Arriving at Tatralandia, the hot springs, I was greeted by an American flag, as well as a western fort, or “movie town.” It turned out that Tatralandia was an all-year resort, complete with room for 700 people to spend the night, in apartments, cabins, and rooms. Some of the attractions include thermal hot pools, saunas, water slides, a lazy river, the western town, and various shows and productions. It was clearly built within the last ten years, and is a very good example of a modern revival of the region. I was very impressed by the high standards of cleanliness and service, and the fact that everything is written in Polish, Slovakian, and English shows that they must have many tourists from both Poland and Western Europe. After picking up Fr. Zieba and taking a dive in the hot pools, we decided to drive back the same way that we came, and ended up seeing the beautiful remnants of the past era yet again…oh joy.
Back in Poland (after a short shopping stop for Slovakian beer, which happens to be very good, and costs about 60 cents per liter!), we stopped at an amazing Polish restaurant, called “Siwy Dym,” or “white smoke.” It was similar to the one we had gone to a few weeks ago after skiing. The interior was decorated with the traditional mountain wood and stone, with large, long, wooden tables and benches to sit on. We each ordered one dinner plate, but were shocked when we saw the size. I had pierogies (of course), which were very filling. My friend Lukasz had a plate of meats, with potatoes and three types of cabbage salad. We all gasped when we saw the size of his meal—which he did not finish, even after we helped him. I love to go to restaurants such as this one, because they highlight the traditional mountain culture, and also preserve it for the future, as well as share it in a very real way with westerners. I found it funny that, during the meal, the CEO of Polish National Television called Fr. Zieba to ask his advice on when to air Mel Gibson’s “The Passion” on TV. It was quite fun to think that we were having dinner with a Dominican who is known all over Poland. It was a very real way of showing me the humility of the man—here we were, a group of college students, eating at some mountain restaurant in southern Poland, with a man who wines and dines with the Pope, Weigel, and many other famous and well-known Catholics, both in and outside of Poland. He shared with us many stories from his life; only in his fifties, it is amazing to hear what Fr. Zieba has lived through. He told us about the dossier that he now has, but was formerly kept by the Polish UB, who kept detailed records of his activities during communist times. (Recently, a new book was published, which reveals the government agents in the Metropolitan Curia who spied on Bishop Wojtyła when he was here.)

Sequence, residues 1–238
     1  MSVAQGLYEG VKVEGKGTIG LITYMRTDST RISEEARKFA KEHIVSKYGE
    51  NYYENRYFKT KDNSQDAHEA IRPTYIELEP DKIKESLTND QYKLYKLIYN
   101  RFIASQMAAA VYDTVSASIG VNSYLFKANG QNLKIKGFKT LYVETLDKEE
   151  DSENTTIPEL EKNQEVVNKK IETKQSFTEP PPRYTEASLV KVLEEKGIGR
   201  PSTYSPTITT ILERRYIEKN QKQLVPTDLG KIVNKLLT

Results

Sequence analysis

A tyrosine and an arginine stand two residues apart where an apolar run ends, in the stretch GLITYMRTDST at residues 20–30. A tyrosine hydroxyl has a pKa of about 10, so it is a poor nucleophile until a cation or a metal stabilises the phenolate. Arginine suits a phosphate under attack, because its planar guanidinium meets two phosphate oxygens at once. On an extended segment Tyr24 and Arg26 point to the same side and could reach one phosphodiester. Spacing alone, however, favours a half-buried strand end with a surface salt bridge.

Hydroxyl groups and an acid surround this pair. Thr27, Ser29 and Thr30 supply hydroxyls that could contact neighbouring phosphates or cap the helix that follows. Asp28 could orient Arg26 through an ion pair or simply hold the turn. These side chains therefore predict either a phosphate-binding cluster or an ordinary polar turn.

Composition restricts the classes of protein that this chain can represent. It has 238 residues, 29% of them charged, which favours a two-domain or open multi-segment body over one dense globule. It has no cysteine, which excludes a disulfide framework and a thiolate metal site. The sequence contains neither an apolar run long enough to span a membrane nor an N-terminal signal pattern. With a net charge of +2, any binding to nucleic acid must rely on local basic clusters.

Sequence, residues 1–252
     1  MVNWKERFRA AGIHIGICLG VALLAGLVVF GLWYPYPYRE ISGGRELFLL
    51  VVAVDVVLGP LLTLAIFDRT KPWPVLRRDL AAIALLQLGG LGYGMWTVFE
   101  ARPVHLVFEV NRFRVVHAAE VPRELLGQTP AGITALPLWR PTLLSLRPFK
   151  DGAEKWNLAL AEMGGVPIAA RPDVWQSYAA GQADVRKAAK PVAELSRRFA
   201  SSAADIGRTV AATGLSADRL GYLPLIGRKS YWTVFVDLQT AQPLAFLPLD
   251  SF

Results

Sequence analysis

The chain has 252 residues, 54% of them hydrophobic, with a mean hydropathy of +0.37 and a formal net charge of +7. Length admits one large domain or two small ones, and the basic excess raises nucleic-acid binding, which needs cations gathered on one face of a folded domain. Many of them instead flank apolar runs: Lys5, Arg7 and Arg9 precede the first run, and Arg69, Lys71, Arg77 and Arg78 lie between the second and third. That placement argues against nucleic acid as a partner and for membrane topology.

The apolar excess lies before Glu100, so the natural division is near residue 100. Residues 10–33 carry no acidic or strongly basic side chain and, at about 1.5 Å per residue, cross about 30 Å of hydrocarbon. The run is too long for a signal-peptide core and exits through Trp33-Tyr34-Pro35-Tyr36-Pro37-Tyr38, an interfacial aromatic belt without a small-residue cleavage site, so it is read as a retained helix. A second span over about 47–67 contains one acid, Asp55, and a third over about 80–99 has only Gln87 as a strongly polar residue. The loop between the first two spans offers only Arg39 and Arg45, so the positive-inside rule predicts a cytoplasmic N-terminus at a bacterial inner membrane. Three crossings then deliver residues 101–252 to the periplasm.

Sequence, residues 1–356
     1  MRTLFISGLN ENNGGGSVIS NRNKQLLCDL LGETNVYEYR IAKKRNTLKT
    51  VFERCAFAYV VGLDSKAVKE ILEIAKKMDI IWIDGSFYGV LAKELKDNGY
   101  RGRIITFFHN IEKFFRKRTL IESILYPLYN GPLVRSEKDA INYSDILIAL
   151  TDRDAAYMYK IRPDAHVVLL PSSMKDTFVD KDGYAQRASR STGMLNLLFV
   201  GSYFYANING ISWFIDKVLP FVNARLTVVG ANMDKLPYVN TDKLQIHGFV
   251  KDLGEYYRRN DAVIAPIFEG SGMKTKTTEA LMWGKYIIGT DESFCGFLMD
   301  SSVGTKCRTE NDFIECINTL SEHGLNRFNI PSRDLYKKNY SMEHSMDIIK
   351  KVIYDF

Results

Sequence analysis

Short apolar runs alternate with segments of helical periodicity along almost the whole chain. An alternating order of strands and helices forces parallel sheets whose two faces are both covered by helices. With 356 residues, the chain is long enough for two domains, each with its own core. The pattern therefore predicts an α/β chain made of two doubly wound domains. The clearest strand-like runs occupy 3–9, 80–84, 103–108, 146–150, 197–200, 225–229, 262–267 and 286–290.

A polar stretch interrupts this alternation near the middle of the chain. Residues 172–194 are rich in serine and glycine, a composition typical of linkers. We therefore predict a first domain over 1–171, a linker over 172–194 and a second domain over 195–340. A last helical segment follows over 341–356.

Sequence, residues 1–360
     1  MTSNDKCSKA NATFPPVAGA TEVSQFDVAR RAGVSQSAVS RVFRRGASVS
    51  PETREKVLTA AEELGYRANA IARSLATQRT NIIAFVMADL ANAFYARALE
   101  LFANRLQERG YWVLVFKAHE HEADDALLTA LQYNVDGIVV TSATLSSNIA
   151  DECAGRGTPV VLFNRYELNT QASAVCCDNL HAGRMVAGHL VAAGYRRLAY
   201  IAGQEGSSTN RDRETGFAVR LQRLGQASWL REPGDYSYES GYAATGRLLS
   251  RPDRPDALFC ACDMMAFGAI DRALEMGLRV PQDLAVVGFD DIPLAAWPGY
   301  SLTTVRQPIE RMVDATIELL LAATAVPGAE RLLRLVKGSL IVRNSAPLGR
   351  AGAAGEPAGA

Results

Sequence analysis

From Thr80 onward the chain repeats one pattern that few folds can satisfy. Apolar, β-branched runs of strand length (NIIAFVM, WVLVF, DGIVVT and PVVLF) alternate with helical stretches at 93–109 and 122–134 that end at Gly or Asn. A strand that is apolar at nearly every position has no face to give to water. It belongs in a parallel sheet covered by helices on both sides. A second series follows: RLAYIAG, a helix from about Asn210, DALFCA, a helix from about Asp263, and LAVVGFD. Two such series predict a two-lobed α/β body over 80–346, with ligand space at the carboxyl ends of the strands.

There is so much more to say, and to write, such as my “insider’s view” of the 13th century Franciscan monastery, as well as my visit to Wawel Castle and my interesting meeting there with a priest I randomly ran into. But, those stories will have to wait. I’m off to lead a discussion, in English, for some of my Polish friends who want to practice their English skills. We will be discussing the role of the Church in the Polish government. Then, Tuesday night pizza….